Top 50 Songs of 2013 :: [30-21]

Welcome to our annual countdown of the 50 best songs of the calendar year. Songs must be from an EP, LP or demo released during 2013 and no band may appear twice. Today, we count down 30 to 21.

30. Prides - "Out of the Blue"

At the moment when you're reading this in March or June of 2014 and you've Google searched "new Glasgow band Prides" and you're realizing the "Out of the Blue" was one of the best songs of the previous year, don't feel guilty or ashamed. "Out of the Blue", like its title, came from nowhere and crushed the listening public at the point of its release in early 2013, a public still likely drunk on the success of CHVRCHES, and provided a slamming and singable synth symphony to dance yourself clean. That's the word from the future and the past.

29. Local Natives - "Heavy Feet"

In a year that Vampire Weekend thoroughly dominated the mainstream indie rock World Music scene, it was unfortunately easy to forget the dense success of Local Natives' second LP. "Heavy Feet", an alternatively plaintive and storming treatise, rode the back of friscalating drum riff and the soaring vocals of two lead vocalists. The hook lyric, "After everything", though "Heavy Feet" was much more about the present than anything else.

28. The Zolas - "Invisible"

"Invisible" emerged as a yippy and misbehaved single, a one-off from Vancouver power-poppers, the Zolas. Of course, like their other work, the chorus stabbed you in the chest and demanded utter complicity. It wasn't necessarily about Gyges' ring, but it did concern itself with the collapsing architecture of modernity. An incomplete but beautiful treatise on destruction, the listener found themselves singing, "When you need some oxygen, jump into the fire with us", an implication that burning it all down was a collective project.

27. Frightened Rabbit - "Backyard Skulls"

Frightened Rabbit, what else could they possibly have to offer? Listeners rode the misery plane into the hillside, absolute CFIT, on Midnight Organ Fight, before the band told us they weren't "miserable now" on the subsequent LP. It was a head-spinner as we arrived at their latest and its best track, "Backyard Skulls". Were we here to be destroyed or not? The lyrics concerned themselves with the things, the bodies, buried in our metaphorical backyards. Someone always finds these terrible memorials, "a long lost soul, like a skull beneath the ground". The pathos was turned to 11 even if we all, band and listener, knew we didn't feel feelings like that anymore.

26. Smith Westerns - "Varsity"

It was necessarily regrettable that the Smith Westerns best ever song, "Varsity" didn't merit more positive press. The record from which it originated was, unfortunately, poor. Containing only two good songs, "Varsity" was left nearly alone to fend for the band's credible and critical future. "I guess it's a point of view", they sang like relativists in the pre-chorus. The arrangement recalled a high school experience no one ever lived, a remembered self that never existed and a world that was only in dreams.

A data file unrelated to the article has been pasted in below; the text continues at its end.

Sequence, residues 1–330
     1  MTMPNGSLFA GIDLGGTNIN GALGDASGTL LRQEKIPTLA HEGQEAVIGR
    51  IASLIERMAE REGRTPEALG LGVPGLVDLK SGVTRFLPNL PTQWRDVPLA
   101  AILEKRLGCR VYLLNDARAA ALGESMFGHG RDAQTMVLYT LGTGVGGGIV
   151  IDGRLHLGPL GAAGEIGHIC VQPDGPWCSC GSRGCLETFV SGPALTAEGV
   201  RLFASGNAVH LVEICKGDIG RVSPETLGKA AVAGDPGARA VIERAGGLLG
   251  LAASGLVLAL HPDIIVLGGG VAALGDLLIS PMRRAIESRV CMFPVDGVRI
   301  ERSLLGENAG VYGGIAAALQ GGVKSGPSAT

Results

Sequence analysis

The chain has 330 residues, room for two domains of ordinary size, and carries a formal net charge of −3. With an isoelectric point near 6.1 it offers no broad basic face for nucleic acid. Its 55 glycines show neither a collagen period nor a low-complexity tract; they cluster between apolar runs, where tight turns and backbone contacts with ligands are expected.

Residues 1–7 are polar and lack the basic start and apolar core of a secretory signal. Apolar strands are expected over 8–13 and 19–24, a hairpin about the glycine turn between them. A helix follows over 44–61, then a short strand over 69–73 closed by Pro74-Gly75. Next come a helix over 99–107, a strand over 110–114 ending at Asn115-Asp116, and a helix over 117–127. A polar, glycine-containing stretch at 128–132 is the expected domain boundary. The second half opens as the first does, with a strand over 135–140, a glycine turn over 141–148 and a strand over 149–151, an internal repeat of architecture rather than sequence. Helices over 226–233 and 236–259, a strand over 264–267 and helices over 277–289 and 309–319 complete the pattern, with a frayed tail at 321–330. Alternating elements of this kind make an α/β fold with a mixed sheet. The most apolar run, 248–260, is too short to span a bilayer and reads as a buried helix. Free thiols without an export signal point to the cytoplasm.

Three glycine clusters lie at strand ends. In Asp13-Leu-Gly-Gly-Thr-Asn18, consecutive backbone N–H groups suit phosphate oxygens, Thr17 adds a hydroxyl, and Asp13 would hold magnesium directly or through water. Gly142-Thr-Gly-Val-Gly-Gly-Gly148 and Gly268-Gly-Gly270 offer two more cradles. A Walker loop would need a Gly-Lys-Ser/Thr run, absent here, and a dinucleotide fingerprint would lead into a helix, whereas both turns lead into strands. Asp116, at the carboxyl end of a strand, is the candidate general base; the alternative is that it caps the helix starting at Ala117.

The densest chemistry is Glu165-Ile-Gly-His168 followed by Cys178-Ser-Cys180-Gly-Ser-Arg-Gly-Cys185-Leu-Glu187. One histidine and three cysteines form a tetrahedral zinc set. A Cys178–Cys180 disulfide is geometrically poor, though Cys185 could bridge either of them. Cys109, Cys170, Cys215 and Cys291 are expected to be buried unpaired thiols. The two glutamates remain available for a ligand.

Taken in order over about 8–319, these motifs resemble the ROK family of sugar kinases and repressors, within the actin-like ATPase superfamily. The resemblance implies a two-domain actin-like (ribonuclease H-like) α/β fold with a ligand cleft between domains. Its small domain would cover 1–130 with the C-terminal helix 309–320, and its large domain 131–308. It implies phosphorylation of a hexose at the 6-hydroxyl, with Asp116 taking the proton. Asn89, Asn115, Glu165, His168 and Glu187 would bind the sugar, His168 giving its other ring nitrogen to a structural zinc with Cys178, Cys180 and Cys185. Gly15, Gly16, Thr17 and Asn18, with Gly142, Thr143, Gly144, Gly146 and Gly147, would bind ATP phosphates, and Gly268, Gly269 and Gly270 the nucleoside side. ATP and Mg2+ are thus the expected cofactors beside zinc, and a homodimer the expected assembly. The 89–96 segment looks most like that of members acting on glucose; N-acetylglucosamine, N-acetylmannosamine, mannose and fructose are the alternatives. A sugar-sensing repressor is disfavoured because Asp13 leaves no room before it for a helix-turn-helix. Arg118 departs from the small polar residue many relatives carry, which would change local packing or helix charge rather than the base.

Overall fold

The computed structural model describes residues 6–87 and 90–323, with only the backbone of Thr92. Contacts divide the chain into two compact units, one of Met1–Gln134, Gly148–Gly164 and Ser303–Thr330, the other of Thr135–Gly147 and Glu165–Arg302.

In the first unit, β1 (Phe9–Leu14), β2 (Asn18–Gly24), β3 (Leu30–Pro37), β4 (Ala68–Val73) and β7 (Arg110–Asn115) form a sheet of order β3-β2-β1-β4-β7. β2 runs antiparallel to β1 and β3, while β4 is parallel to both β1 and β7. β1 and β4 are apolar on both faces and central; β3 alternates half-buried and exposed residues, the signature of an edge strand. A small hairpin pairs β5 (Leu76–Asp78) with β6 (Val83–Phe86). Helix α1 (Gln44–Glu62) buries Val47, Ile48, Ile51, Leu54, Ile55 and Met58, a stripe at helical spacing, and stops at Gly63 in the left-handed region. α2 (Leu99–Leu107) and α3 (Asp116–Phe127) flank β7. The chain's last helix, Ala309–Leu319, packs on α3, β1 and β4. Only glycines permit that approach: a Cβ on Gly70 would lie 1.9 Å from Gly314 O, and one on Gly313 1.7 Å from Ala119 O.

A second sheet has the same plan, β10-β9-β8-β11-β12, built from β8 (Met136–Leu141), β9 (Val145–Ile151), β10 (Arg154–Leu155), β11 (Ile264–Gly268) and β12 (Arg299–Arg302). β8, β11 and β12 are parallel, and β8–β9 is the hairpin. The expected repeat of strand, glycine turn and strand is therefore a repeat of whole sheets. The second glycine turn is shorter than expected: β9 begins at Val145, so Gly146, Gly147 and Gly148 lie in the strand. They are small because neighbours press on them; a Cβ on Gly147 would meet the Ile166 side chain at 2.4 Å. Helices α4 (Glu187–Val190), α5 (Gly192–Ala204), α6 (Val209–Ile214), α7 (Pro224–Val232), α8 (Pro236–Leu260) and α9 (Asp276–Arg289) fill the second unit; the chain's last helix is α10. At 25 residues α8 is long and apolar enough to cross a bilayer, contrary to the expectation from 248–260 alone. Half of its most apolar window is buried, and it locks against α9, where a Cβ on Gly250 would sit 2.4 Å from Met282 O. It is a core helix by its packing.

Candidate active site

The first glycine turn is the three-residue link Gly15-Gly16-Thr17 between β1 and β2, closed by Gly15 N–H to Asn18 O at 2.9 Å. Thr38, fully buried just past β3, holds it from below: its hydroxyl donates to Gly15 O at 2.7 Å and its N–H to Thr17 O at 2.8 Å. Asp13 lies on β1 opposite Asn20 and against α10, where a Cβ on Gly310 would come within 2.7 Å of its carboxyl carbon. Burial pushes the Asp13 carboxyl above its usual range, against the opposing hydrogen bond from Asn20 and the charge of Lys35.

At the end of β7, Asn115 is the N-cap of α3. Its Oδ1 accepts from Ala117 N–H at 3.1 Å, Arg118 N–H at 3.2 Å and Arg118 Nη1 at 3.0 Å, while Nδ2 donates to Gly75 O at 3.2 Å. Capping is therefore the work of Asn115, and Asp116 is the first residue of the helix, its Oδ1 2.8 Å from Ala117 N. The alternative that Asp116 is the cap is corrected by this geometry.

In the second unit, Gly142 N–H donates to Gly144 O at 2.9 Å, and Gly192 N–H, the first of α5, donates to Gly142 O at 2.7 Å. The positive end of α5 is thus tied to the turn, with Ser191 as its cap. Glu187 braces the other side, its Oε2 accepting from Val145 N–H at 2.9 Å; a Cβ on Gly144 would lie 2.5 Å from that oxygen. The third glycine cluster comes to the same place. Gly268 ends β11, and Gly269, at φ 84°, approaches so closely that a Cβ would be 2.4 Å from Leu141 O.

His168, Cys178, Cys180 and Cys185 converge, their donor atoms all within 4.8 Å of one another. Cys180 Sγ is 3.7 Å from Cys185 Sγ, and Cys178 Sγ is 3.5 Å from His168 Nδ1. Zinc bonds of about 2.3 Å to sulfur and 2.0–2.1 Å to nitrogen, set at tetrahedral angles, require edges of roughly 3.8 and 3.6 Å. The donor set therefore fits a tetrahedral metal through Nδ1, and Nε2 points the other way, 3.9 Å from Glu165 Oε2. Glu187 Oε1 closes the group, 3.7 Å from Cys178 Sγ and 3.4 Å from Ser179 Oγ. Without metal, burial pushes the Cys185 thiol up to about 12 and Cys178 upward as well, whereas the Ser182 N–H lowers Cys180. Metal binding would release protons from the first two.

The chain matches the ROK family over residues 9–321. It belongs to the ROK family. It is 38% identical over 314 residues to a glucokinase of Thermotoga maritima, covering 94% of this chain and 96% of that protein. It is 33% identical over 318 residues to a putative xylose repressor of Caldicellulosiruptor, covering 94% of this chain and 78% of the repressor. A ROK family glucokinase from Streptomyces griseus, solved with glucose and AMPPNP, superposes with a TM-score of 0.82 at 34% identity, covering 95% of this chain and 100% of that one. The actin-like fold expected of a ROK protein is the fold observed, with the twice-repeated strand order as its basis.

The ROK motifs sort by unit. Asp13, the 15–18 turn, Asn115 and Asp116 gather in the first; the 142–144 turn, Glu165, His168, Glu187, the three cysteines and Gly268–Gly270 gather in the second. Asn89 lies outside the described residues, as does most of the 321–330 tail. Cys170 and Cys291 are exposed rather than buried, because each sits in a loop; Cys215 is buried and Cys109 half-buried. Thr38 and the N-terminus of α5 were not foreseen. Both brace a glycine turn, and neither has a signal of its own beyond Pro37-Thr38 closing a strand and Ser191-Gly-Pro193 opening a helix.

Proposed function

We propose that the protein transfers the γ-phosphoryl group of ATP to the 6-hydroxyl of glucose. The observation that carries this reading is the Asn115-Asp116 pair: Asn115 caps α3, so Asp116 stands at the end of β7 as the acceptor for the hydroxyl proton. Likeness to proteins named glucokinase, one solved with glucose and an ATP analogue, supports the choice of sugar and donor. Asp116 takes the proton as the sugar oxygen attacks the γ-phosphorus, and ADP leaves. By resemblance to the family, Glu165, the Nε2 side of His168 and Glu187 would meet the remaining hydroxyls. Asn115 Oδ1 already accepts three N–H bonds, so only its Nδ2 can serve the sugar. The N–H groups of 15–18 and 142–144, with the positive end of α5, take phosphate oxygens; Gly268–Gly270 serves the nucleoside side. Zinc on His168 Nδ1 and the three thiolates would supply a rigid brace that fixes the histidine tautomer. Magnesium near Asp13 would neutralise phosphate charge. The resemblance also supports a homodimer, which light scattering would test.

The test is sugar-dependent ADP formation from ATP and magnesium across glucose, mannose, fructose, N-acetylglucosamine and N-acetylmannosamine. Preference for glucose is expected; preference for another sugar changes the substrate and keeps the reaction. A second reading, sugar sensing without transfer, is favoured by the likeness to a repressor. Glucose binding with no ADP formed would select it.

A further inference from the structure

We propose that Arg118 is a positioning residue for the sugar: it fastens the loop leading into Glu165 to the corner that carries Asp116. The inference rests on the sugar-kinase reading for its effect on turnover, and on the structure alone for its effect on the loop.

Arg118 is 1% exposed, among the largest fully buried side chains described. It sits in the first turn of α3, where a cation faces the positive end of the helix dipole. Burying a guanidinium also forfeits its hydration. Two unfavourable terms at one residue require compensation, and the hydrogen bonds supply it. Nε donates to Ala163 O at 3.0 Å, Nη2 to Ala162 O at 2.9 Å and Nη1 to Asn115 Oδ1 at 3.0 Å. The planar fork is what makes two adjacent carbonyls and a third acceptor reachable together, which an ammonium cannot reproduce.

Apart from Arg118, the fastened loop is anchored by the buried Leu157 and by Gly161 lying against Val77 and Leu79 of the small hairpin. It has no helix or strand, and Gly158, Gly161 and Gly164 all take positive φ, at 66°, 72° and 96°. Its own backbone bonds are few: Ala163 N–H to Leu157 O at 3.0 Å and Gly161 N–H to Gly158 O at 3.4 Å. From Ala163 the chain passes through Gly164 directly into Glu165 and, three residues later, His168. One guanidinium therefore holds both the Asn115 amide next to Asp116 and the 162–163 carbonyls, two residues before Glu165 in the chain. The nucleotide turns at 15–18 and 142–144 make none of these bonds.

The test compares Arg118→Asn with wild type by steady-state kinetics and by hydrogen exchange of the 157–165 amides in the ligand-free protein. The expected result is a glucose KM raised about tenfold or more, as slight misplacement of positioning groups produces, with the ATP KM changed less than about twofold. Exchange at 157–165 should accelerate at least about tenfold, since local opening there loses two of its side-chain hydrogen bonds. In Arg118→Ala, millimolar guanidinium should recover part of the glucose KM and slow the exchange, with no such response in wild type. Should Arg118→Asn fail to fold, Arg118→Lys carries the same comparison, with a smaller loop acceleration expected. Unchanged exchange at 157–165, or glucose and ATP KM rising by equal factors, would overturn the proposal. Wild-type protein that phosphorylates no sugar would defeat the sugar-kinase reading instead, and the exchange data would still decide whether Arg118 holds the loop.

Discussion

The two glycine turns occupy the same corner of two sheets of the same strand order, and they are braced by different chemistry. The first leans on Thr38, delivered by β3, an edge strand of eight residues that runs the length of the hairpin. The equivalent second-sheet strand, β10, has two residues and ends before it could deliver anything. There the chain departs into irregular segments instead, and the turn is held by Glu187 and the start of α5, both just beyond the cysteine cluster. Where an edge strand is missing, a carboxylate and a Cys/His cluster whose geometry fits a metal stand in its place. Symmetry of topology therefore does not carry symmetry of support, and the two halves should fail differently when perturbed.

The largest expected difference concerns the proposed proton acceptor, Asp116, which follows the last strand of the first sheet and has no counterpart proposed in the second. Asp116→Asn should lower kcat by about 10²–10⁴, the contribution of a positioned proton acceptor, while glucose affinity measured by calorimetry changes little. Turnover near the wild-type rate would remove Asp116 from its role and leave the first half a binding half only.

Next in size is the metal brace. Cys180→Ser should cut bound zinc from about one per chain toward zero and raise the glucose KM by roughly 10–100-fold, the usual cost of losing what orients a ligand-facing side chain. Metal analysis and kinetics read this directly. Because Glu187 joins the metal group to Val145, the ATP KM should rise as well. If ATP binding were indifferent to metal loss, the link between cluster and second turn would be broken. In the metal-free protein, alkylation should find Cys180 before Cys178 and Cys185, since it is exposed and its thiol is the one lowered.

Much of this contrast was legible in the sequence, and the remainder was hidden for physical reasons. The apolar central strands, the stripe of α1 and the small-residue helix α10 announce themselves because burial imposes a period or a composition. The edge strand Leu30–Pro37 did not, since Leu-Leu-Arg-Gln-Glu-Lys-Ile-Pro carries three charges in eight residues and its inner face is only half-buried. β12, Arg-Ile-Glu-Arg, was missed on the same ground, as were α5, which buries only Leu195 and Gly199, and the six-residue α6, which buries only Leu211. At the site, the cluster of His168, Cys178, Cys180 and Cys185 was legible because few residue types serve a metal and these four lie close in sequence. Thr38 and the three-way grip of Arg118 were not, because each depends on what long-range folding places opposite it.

25. Junip - "Walking Lightly"

The menace of the drums belied the lyrics of "Walking Lightly", which largely concerned the responsible tread with which we collectively traipse the land. Jose Gonzalez whispered his whispering best, ushering the listener into a world, self-contained and complete, where he suggested something and nothing at once. It was one of the great and forgotten songs of 2013. Gonzalez, likely, wanted it this way.

24. Waxahatchee - "Brother Bryan"

If you didn't much care for Liz Phair, despite the endorsement of NPR, you weren't much for Waxahatchee in 2013. If Phair made you uncomfortable, if the hooks were too irremovable, Waxahatchee was a derivative version of a difficult thing. But if you loved Phair, this was as close as you could come to 1993. "Brother Bryan", the best song off a transcendent record, isolated a lonely bass riff and a few splashy drums beneath the singular vocal of Katie Crutchfield. The last lyric that shuts everything down, "In this place I think about you", one more measure and it was over.

23. Small Black - "Free At Dawn"

It didn't make a lot of sense, and it didn't need to. Like most great pop, "Free At Dawn" rooted itself in an initial loop, expanding the idea in imperial fashion, adding a down-beat and then storming through an echoing chorus that never totally got its due in 2013. The substance proved ethereal - "I was feeling as reckless as rain" - and the final movement, an invigorated low-end and a doubling of the first impulse suggested a celebration this describing the freedom of the morning.

22. Phantogram - "Black Out Days"

Phantogram never find themselves far from a huge loop, and "Black Out Days" did not disappoint. Buzzing synths competed with the fecund vocals of the lead singer, who sang things like, "I don't ever recognize your face", before the the chorus exploded into a sky of unrecognizable sounds. While they surely lifted the initial loop from Freelance Whales' "Generator", no one knew and no one cared. It was about the explosion of the short term memory, a discursiveness on modernity that sounded destructive and was.

21. Sky Ferreria - "You're Not The One"

Everyone loved the Sky album - even if it was dark, NSFW and needlessly devoid of hooks in places - and "You're Not The One" surged as lead single and one of the best songs of the year. The pre-chorus ("It's the middle of the night ...") was good enough to be a hook on most other songs but here it merely set up Ferreria at the top of the room on the title lyric. It was a John Hughes slam for an era that barely knows who John Hughes is, a Breakfast Club for a generation that never went to detention for anything. Suffice it to say, negation is the new affirmative and, "You're Not The One".

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